I’m not a big fan of using PE ratios to determine fair value estimates for the S&P 500. If I do use earnings, I believe the 10-year average is more appropriate in order to capture the business cycle and even then its to estimate projected long-term returns. I should note that Shiller’s CAPE, which does just that, has come under serious attack as the multiples have been above the long-term average for many years now (and beginning back in the 1990s). For now we will pass on defending the validity of the CAPE and turn to working with a real-time valuation tool.
We can value the S&P 500 using a simple 5 year discounted cash flow model. The model requires us to estimate a) current cash flow, b) growth of cash flows, and c) discount rate. There are many ways to come up with these estimates and the following is one way that we can look at it.
Current Cash Flow: Current cash returned to shareholders (dividends and buybacks) was estimated at $96.20 per share in the trailing twelve-months ended in March. I am currently estimating $95.52 in the trailing twelve-months ended in June.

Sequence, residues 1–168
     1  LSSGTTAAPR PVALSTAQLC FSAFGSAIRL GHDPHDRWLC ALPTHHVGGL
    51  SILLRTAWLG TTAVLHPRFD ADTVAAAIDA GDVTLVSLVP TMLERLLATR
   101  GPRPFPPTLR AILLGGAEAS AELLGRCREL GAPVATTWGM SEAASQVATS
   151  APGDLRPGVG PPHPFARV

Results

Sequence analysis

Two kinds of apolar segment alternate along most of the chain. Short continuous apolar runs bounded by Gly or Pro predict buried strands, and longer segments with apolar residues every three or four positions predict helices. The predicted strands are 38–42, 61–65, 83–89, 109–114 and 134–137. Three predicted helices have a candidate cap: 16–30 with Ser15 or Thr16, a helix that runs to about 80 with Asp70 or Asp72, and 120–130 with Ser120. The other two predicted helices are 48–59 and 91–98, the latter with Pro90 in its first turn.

Growth: I am using the fundamental formula that considers all cash retained by corporations (retention ratio) is reinvested grows at the retention ratio times the return on equity. Using a 10-year average retention ratio of 18% and a 10-year average return on equity of 14.6%, I am using a fundamental growth estimate of ~2.6%.
Discount Rate: This is likely the most subjective estimate. Equity risk premiums (ERP) seem to be somewhat volatile. Saying that we are using a 5.0% ERP and a 2.5% yield on the 10-year treasury for a discount rate of 7.5%. We can change the ERP estimate to see the level of sensitivity to our inputs.
With that all plugged into the 5 year discounted cash flow model, one should see a fair value of 1,970. This compares to the recent market price of 1,991. If we lower the ERP to 4.8% the estimated value jumps to 2,034.
This leaves us with some comfort that on a fundamental basis that the S&P 500 is likely not significantly over valued. Outside of unexpected macroeconomic shocks, the risk to these estimates in my opinion is based on the relative level of earnings compared to sales, otherwise referred to as corporate profit margins. A more detailed cash flow analysis which separates revenue growth and operating income growth can highlight the large impact bottom performance can be dictated by changes in corporate profitability. Right now corporate profit margins are on the high side and likely will provide little upside moving forward.